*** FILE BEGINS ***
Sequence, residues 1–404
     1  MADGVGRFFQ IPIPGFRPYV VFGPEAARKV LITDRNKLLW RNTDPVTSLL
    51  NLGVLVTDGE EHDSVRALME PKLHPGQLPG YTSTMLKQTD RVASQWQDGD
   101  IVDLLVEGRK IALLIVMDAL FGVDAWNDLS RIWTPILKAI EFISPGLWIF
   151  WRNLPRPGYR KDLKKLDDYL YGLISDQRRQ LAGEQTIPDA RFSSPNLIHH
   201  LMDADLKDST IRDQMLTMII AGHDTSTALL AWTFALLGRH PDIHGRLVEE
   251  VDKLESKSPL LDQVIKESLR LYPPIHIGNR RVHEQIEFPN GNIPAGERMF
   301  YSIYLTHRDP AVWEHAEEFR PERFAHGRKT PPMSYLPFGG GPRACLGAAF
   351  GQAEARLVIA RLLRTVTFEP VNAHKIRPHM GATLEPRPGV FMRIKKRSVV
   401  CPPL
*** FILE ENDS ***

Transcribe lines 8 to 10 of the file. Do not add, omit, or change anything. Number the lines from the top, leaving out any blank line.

   301  YSIYLTHRDP AVWEHAEEFR PERFAHGRKT PPMSYLPFGG GPRACLGAAF
   351  GQAEARLVIA RLLRTVTFEP VNAHKIRPHM GATLEPRPGV FMRIKKRSVV
   401  CPPL